When a nuke goes off at the Alt D0

This board turned out to be un-repairable because of damage to the MCPx, but none the less it is an interesting read and has some wonderful pictures. I don't often write up repairs anymore, because they are all some variation of those already on this site. Not this time. This is something new. I pushed my soldering skills near their limit and learned a couple new things, even if I did fail to put another notch on my belt for fixing the un-fixable.

So here is what I got when I opened the box
This shot shows the retainer ring near the LPC. Commonly used as a ground point, the amount of solder present instantly made me wonder just how much heat this board was subjected to, and for how long.
The top D0 looks to be in good shape. That's always a promising sign :)
A close visual inspection of the top D0 indicated that it was good and could be used for repairs if needed.
Sacre Bleu! Holy Shit!, Good God, pick your favorite explicative expression.
All in all it looks like a Nuke was shot off while under the bottom D0 pad.
Here is a wide view, We will dissect it here:
In a nutshell, 4 of the traces (A0, A3, D0, D1) are torn away, the VIAs are in such bad shape (or missing) as to make soldering to them impossible. The blob of solder in the middle of the crater (clearly visible in the above picture, is doing a fine job of shorting out the 3.3 volt power plane to some or all of these signals, plus anything else in the area. After I calmed down from the laughter, I sent an e-mail asking just what had happened to this board. The replay? A temper tantrum.
Hey, at least he's honest ;)
Finally, we have some impact damage sustained during shipping. While this may not look like much, it actually indicates a fairly severe impact. Note, that the source of the impact was a hard drive (which appears to not have survived).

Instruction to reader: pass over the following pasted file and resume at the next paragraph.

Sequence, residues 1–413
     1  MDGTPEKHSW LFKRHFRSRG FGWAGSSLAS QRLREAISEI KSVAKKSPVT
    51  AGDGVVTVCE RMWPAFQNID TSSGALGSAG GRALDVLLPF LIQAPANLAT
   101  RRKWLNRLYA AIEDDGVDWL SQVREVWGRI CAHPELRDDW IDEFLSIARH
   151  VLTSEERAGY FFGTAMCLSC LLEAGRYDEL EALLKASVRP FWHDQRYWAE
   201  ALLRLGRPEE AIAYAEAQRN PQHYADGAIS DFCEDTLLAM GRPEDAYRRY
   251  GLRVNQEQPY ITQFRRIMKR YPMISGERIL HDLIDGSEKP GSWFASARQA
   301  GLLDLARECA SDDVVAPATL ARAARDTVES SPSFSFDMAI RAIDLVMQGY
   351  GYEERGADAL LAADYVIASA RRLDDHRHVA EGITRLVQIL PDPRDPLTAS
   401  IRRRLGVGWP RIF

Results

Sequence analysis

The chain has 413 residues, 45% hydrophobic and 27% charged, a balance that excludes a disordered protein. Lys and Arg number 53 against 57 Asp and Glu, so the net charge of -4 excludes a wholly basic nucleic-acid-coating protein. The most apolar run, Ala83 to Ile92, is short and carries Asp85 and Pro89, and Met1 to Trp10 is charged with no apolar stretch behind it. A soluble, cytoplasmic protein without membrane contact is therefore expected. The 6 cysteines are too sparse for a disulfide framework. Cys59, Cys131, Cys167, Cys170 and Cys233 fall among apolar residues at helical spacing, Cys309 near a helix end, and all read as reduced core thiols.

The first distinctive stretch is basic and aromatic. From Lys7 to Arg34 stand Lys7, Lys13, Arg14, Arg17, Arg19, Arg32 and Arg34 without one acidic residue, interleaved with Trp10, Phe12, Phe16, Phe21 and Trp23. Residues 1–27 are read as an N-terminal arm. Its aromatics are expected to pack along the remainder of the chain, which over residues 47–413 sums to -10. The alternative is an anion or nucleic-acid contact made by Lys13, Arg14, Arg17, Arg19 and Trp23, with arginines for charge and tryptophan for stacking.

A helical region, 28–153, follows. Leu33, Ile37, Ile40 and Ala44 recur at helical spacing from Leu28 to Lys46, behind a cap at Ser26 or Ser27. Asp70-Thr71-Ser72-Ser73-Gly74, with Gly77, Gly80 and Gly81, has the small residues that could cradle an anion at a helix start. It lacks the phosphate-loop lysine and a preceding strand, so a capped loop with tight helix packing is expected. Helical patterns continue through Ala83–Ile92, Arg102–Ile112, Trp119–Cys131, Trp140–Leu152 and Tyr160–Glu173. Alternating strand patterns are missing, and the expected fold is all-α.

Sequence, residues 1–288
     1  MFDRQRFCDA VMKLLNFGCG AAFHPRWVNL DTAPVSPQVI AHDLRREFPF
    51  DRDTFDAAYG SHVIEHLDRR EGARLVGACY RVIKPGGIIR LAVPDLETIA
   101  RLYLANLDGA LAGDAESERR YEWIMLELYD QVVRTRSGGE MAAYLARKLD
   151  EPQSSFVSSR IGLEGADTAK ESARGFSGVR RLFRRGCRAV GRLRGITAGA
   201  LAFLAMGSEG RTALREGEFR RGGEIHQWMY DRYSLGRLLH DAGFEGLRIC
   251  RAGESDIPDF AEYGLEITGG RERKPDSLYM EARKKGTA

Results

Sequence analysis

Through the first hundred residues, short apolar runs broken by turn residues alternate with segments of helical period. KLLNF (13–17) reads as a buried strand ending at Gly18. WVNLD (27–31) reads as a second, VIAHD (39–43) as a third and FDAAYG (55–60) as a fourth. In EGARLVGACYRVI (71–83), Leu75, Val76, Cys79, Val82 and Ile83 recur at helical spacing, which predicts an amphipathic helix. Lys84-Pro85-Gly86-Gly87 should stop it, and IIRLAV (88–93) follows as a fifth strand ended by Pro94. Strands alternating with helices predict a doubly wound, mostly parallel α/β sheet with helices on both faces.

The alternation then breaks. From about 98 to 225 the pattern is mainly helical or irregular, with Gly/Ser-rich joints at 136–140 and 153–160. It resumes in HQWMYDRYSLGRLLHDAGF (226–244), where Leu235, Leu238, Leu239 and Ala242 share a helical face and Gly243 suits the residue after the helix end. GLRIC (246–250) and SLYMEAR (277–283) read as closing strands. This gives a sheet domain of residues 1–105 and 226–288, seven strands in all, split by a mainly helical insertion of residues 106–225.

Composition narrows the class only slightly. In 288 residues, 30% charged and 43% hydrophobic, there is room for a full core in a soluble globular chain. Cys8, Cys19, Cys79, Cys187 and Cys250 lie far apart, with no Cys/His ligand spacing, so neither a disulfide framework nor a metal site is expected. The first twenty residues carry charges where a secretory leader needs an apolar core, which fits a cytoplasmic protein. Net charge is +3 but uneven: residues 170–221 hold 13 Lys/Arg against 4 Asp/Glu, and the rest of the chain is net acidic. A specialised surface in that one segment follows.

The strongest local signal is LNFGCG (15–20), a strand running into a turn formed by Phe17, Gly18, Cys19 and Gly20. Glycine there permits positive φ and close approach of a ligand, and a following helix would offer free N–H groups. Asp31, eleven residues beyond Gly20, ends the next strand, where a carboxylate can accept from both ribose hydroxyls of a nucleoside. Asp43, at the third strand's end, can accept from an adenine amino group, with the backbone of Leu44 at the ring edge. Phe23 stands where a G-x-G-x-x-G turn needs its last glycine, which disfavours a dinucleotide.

After the initial photo essay of the board and the damage (this is done for all boards by the way), it was time to clean things up a bit and really assess how bad it was, and viability for repair. I knew this one was going to be a challenge, and likely not repairable, but I decided to dive in because the worst that would happen is I'd get a bit of soldering practice in ;)

While I have no direct photos after cleanup (they'd look about as good as the above pictures, but with less material on the boards, let me tell you, I did remove quite a bit of garbage from the "pit of despair" located at the former home of the Alt-D0

Moving ahead to the repair portion, It became rather clear that there was no way to reliably solder to the vias on the back side of the board, which meant I'd have to use all the top side VIAs. This, in its self is not a problem; the TSOP on the other hand, is.
Here we have the topside VIAs, as you can see some of the wires are soldered to the traces, while others were pressed into the via then soldered (this is the preferred method, as solder mask and VIA condition allow, two were too badly damaged on the back side to get the wire through.
This picture shows the close-up of the soldering to the TSOP. This was not easy, and I am quite proud of the job I did on it. The pins involved are 21, 24, 25, & 26; corresponding to A3, A0, D0, & D1 respectively. It is no small task to solder leads this size so close to each other, and I did this without a microscope, as mine is currently out of commission :(
Another thing to note is that while pin 25 and 26 look to be shorted, that is an artifact of the viewing angle, and in any case would not prevent booting from the LPC header.
Here is a nice full view of the repair area. Notice the wires are kept similar length and as short as possible. It really scares me when people use half a foot of wire where an inch will do. The longer the wire, the greater the impedance mismatch, and the more noise you will pickup in your signal. Noise is bad. Too much noise and the part won't be able to tell a 1 from a 0. Also, the longer the wire the higher the inductance. The higher the inductance, the more retarded the rising and falling edges of your signal are. This impacts specifications such as setup and hold timings as well as jitter and overall signal integrity. [/rant]
Alright, so in addition to the massive damage to the TSOP signals, pin 1 of the LPC was damaged as well. Here is a quick topside jump (bottom was too bad off for me to want to solder to it).
And finally a close-up of the damaged area after removal of the surplus material and lake of solder.